In what can only be described as being in the right place at the right time, a doctor on board a flight to Hawaii was able to save a premature baby that was born mid-air using his wits, along with other objects on the plane – and an Apple Watch. The incident occurred during a flight to Honolulu, when the newborn Raymond Mounga’s mother Lavinia went into labour in the washroom, as reported by KHON2. Mounga didn’t even know she was pregnant, so the arrival of the baby who was born at 29 weeks instead of 40 weeks, was a surprise for everyone on board.
Luckily, there were three nurses on board, from the Neonatal Intensive Care Unit (NICU) department at North Kansas City Hospital, who responded to the in-flight call for emergency help along with a family physician who was on the same flight. “I went back there first, and she is holding a baby, underneath the toilet almost. And so I’m yelling, ‘Mimi! There’s a baby, and it’s little!'” said one of the nurses to KHON2.
The doctor also said that since the mother had delivered the baby prematurely, there was no equipment on the plane that could be used to keep him warm. Using some resourceful thinking the four medical staff made baby warmers from bottles using a microwave. Another important part of keeping the baby healthy and alive – monitoring his vitals, was done by using an Apple Watch to keep an eye on his heart rate, the doctor had stated.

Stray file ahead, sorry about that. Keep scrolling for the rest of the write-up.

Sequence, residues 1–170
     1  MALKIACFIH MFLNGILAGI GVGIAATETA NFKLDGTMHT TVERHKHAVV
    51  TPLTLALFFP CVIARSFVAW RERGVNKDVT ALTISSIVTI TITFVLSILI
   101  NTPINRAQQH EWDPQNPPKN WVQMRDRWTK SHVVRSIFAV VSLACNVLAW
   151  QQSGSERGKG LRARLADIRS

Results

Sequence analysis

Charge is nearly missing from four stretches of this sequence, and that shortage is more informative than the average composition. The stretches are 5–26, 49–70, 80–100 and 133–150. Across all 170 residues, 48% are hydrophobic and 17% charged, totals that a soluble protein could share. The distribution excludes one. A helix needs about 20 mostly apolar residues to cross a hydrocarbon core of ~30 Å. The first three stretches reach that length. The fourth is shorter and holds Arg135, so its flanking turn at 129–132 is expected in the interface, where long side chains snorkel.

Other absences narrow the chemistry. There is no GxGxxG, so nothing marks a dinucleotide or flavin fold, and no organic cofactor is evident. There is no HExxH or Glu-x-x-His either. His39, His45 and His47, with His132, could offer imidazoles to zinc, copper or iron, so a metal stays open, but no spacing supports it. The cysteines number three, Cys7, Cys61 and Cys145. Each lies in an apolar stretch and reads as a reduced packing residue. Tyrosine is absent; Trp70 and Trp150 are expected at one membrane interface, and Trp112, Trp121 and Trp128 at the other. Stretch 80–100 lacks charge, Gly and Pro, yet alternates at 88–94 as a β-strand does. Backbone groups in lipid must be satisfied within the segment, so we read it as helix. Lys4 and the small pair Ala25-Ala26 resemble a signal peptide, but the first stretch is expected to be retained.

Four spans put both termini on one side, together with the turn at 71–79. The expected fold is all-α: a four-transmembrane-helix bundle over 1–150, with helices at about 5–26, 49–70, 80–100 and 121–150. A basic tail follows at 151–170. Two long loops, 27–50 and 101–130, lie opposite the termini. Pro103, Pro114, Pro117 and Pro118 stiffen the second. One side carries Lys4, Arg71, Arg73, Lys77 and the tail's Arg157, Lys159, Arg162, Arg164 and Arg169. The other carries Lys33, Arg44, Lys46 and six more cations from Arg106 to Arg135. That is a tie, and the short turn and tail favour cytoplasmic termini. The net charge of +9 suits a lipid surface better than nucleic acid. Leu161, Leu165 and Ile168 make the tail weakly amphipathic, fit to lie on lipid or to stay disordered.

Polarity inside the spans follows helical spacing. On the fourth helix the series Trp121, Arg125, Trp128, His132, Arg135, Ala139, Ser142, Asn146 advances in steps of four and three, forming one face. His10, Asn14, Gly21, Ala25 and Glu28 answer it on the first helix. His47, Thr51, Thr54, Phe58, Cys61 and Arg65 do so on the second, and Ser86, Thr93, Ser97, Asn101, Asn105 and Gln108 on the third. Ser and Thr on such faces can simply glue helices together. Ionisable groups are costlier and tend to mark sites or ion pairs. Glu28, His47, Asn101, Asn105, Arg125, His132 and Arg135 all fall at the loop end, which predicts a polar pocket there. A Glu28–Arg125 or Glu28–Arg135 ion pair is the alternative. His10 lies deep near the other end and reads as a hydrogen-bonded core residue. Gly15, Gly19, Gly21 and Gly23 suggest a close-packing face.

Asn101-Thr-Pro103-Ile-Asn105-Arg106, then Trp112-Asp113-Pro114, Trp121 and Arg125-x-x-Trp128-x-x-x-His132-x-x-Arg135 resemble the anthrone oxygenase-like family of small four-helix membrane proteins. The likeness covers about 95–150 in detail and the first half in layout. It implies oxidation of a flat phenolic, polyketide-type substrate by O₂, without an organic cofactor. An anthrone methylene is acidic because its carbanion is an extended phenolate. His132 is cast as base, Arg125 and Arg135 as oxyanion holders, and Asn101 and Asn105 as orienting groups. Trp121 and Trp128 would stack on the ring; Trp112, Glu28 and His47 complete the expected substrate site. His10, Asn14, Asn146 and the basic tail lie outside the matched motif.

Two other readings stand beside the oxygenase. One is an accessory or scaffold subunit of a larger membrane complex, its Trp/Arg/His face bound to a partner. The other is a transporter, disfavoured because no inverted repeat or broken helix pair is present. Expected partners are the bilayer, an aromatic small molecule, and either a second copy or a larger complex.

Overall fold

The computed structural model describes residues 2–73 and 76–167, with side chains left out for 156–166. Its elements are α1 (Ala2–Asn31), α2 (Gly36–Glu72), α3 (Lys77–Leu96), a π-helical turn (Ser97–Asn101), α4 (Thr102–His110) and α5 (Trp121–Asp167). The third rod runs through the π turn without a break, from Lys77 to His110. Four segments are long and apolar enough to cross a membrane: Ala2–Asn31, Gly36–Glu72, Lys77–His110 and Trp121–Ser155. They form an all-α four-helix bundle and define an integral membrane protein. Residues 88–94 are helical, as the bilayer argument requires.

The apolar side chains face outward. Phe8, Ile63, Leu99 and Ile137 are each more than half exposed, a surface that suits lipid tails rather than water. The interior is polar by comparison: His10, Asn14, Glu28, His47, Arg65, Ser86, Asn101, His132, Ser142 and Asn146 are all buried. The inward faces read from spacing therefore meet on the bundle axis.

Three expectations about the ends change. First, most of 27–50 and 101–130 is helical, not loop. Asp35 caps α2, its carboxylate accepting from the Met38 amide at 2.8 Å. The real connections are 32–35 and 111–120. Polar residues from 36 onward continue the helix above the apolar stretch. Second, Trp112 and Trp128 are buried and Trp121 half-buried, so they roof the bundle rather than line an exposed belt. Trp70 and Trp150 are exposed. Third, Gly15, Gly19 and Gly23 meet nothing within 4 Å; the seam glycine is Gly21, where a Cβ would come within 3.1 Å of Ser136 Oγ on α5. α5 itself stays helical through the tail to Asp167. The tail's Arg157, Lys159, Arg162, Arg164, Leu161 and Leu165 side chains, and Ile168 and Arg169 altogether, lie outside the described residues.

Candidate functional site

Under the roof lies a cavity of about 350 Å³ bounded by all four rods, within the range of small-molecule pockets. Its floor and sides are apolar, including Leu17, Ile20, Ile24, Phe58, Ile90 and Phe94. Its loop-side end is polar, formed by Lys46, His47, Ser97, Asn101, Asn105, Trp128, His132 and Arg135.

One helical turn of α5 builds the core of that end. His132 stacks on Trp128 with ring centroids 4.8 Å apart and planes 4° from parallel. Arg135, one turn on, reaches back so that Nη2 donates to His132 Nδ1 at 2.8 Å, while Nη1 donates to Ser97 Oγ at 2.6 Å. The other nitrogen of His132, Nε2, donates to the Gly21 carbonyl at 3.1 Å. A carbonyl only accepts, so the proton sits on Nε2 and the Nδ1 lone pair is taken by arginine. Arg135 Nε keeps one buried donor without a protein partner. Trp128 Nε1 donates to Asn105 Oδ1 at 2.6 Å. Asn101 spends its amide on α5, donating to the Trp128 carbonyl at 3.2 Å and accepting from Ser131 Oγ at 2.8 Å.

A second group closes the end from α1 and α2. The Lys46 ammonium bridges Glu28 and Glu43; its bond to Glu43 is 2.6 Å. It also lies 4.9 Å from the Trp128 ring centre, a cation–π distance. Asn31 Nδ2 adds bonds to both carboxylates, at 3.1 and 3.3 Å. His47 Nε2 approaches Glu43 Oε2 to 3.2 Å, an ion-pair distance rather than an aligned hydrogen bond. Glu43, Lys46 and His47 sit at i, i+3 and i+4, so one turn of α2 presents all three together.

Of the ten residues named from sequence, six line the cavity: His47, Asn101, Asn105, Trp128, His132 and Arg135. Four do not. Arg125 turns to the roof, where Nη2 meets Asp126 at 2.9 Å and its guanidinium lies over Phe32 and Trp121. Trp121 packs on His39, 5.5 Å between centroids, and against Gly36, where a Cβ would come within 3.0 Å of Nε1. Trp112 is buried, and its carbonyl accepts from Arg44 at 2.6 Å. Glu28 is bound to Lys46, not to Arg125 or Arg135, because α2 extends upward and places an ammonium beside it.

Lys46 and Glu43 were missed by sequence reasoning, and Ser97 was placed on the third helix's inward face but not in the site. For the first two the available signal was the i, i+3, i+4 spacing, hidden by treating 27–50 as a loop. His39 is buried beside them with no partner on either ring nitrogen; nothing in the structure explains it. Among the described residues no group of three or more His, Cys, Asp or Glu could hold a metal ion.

The report says that once the plane landed in Honolulu with the lucky baby alive and well on board, he was rushed with his mother to the Kapiolani Medical Center – they met their saviours a couple of days later. He will remain at the NICU where is being treated until he is healthy enough to go home, according to the news service.
This isn’t the first time that we’ve heard of Apple’s capable smartwatches working in the nick of time to save lives – in March, we learned about a man who fell into a frozen river and was saved by his Apple Watch that called firefighters in the nick of time. In January, a UK cyclist was saved by his Apple Watch after he was left hanging above a flooded river, while in October last year, the ECG function on the Apple Watch helped save a 61-year-old man in Indore who realised something was wrong and got operated safely, as well as another 13-year-old from Oklahoma who was alerted in time about a serious undetected heart condition.